About the Episode
- Bo's squiggly career, from studying communications for fun, to switching jobs with a friend, to helping grow a global software company
- Bo's practical wisdom on the difference between being 'sold to' and having a salesperson who is an expert on helping you address your needs
- What it means to establish a cycle of curiosity with clients and why quality of communication is so important
Detours and Tangents
- What clients can learn from salespeople
- Why the fear of IT projects going horribly wrong can become a self-fulfilling prophecy
Recorded 30 October 2021
Bo's squiggly career
- There was no Plan A. Bo went to university because it seemed like a good idea and picked communications because it sounded interesting and he could get in. “When you read Steve jobs memoirs about how he fell in love with calligraphy and fonts and how that impacted his later product thinking, I totally resonate with that. I picked communications because it just sounded fun - how to communicate!”
- While at university, Bo had a job looking after an IT laboratory. His university friend had a job at a tiny software company, and they were both envious of each other’s jobs, so they decided to switch. They both quit the same day and recommended that the people they left hire the other guy. “So we just switched jobs and that's how I got into software.”
- The new job was old-fashioned hardcore selling, the kind that burns you out very quickly. “One of the things I learned there was what not to do.”
- Bo later went to work for IBM and then Microsoft, where he learned a lot. “The Danish Microsoft organization at this point in history was really, really good and had some super talented people where I learned a lot about partner organizations.” What later became Microsoft’s ERP solution was originally Danish software that they acquired. Bo worked there with the guy that built their partner channel. He was able to pick up a lot of good stuff.
- During these jobs, Bo did a lot of sales training courses. Some of them were good and some of them were terrible – either way Bo learned what to do or what not to do.
- Around the turn of the millennium, the dotcom bubble burst and a lot of IT companies went bankrupt. Work was hard to come by. Bo and many of his colleagues in the software industry were either unemployed or had jobs that weren't meaningful but made a living to support their families.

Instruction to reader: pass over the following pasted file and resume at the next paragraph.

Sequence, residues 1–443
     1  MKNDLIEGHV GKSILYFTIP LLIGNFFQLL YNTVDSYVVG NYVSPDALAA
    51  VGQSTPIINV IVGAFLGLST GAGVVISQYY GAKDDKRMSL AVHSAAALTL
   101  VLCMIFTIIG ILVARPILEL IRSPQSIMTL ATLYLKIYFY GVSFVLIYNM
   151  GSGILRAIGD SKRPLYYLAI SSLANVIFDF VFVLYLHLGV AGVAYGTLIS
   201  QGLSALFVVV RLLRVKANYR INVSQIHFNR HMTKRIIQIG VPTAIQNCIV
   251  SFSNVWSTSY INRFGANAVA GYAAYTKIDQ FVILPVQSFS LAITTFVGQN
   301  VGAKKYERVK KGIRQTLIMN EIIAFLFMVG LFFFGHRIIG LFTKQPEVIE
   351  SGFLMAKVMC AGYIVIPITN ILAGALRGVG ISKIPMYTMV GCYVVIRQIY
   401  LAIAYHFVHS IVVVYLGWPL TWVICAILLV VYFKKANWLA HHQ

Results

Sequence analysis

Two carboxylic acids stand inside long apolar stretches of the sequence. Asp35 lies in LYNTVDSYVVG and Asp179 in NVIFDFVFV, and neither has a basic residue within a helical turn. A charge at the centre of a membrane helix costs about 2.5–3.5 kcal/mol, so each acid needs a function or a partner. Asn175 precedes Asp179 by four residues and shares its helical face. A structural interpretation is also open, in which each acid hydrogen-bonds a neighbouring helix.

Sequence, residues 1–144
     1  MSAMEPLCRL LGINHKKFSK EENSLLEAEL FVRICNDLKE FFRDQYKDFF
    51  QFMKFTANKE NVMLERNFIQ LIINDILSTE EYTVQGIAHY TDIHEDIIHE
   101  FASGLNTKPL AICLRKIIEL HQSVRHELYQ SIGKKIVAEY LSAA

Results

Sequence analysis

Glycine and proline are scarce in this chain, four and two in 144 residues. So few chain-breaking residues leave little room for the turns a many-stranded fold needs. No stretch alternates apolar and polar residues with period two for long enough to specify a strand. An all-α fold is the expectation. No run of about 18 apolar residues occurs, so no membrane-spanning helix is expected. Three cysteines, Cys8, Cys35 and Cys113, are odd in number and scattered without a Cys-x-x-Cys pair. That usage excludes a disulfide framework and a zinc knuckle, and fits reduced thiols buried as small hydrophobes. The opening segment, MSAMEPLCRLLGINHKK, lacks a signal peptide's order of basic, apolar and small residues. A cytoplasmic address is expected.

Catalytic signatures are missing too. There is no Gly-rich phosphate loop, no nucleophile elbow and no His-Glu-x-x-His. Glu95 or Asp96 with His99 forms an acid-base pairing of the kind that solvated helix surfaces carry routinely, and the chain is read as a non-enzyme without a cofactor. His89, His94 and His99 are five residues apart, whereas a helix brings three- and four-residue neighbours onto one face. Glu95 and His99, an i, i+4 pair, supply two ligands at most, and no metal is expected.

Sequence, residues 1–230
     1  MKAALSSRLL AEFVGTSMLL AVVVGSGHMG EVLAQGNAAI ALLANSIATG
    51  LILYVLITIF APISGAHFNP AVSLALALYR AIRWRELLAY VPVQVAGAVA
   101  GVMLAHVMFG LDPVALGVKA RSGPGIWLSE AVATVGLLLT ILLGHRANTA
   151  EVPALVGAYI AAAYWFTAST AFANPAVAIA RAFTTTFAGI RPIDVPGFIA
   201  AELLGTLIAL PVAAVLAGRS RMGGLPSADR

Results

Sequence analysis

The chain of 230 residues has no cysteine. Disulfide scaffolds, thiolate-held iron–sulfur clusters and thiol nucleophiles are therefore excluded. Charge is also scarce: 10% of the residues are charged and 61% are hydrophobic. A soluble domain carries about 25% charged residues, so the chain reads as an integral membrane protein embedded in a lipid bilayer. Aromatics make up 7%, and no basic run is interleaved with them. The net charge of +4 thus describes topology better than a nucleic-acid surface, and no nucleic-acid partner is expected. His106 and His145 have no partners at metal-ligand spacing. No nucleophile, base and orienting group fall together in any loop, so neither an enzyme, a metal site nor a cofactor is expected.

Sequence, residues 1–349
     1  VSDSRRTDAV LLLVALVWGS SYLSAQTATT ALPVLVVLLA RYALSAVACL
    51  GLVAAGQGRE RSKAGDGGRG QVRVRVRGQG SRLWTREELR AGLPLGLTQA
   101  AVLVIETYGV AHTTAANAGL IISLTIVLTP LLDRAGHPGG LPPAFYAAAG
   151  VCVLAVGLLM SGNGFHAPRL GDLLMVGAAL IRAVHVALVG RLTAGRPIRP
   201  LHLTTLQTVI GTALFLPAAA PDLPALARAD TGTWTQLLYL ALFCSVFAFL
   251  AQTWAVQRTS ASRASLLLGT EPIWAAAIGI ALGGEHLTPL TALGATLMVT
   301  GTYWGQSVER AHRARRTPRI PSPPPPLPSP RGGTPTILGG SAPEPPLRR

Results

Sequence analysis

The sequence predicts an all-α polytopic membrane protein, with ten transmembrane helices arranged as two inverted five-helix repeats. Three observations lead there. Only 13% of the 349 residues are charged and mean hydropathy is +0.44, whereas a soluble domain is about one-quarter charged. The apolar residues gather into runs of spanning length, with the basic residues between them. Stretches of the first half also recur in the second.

- In this environment, three of Bo’s contacts in Aalborg had joined together to create Atira, a company that was doing maintenance of software solutions that were already in the market but where the suppliers had gone away because of the dotcom bust. After a year they asked Bo to come in as a co-owner, which he did. “Strategy was ‘will work for food’, really.”
- The local university in Aalborg contacted Atira to request what they called a ‘publication management system’. Nobody in Atira had worked in higher education before, so they knew nothing about higher education at all. “I had a vague conceptual understanding of what a research publication was and that was it. The concept of a citation was something I learned from clients.”
- Atira worked on creating the publication management system for Aalborg University, which they called Pure. The other three Atira owners were all computer scientists by education. Bo had studied communication at Aalborg university, so it was natural for him to take the client-facing role, do sales, find new clients, tell them about the software (Pure) and listen to their further needs.
- “We learned everything from clients in those days, listening to them and understanding their needs to the full extent and generalising software that could support those needs.” By around 2004, Pure was really becoming a recognisable product in its own right. “We had no knowledge of the size of the mountain we were climbing and that made it less daunting.”
- The Atira team learned together with clients and 10 years later Pure had become a mature, feature-rich product with steady release cycles and a 50-person team behind it.
- Atira was acquired by the academic publishing giant Elsevier in 2012. Bo’s role changed to focus on scaling up sales globally and training Elsevier’s global sales teams in how to talk to university clients about Pure. This was a new challenge. “We didn't understand corporate. You come from an organisation where you just walk over to the other guy and talk with him if you need. And that's not how things work in a large global corporation.”
- In 2016, with Pure now established as the market leading software solution in its category, Bo left Elsevier to take a year off, before taking up a role as Director of Strategy at Digital Science, a competing software company in the academic research space.